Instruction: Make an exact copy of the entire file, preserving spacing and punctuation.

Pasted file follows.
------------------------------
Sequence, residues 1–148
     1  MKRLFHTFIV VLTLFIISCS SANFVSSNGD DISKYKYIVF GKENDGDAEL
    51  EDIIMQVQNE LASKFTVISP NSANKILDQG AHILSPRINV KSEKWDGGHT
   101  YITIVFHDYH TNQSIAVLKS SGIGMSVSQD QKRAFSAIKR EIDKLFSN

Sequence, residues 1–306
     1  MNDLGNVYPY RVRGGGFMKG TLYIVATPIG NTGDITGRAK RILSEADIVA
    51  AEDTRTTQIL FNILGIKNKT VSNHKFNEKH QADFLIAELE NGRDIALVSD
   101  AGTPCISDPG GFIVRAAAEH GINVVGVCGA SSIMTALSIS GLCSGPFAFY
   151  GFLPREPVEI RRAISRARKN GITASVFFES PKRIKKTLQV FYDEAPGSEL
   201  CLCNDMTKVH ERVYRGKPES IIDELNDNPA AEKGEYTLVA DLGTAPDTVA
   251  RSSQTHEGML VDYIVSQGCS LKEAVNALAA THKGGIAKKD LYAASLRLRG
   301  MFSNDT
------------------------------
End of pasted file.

Sequence, residues 1–148
     1  MKRLFHTFIV VLTLFIISCS SANFVSSNGD DISKYKYIVF GKENDGDAEL
    51  EDIIMQVQNE LASKFTVISP NSANKILDQG AHILSPRINV KSEKWDGGHT
   101  YITIVFHDYH TNQSIAVLKS SGIGMSVSQD QKRAFSAIKR EIDKLFSN

Sequence, residues 1–306
     1  MNDLGNVYPY RVRGGGFMKG TLYIVATPIG NTGDITGRAK RILSEADIVA
    51  AEDTRTTQIL FNILGIKNKT VSNHKFNEKH QADFLIAELE NGRDIALVSD
   101  AGTPCISDPG GFIVRAAAEH GINVVGVCGA SSIMTALSIS GLCSGPFAFY
   151  GFLPREPVEI RRAISRARKN GITASVFFES PKRIKKTLQV FYDEAPGSEL
   201  CLCNDMTKVH ERVYRGKPES IIDELNDNPA AEKGEYTLVA DLGTAPDTVA
   251  RSSQTHEGML VDYIVSQGCS LKEAVNALAA THKGGIAKKD LYAASLRLRG
   301  MFSNDT